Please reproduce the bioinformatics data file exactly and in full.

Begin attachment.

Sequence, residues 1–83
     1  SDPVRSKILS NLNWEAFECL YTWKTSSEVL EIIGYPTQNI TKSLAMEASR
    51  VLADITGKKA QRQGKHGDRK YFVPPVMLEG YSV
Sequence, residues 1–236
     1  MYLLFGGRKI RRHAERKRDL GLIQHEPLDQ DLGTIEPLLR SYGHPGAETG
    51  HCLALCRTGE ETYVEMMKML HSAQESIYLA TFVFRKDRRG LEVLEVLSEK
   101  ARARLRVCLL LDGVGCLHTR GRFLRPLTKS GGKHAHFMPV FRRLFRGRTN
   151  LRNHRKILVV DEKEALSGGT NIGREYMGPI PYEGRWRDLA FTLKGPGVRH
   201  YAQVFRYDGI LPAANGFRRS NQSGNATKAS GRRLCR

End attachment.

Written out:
Sequence, residues 1–83
     1  SDPVRSKILS NLNWEAFECL YTWKTSSEVL EIIGYPTQNI TKSLAMEASR
    51  VLADITGKKA QRQGKHGDRK YFVPPVMLEG YSV
Sequence, residues 1–236
     1  MYLLFGGRKI RRHAERKRDL GLIQHEPLDQ DLGTIEPLLR SYGHPGAETG
    51  HCLALCRTGE ETYVEMMKML HSAQESIYLA TFVFRKDRRG LEVLEVLSEK
   101  ARARLRVCLL LDGVGCLHTR GRFLRPLTKS GGKHAHFMPV FRRLFRGRTN
   151  LRNHRKILVV DEKEALSGGT NIGREYMGPI PYEGRWRDLA FTLKGPGVRH
   201  YAQVFRYDGI LPAANGFRRS NQSGNATKAS GRRLCR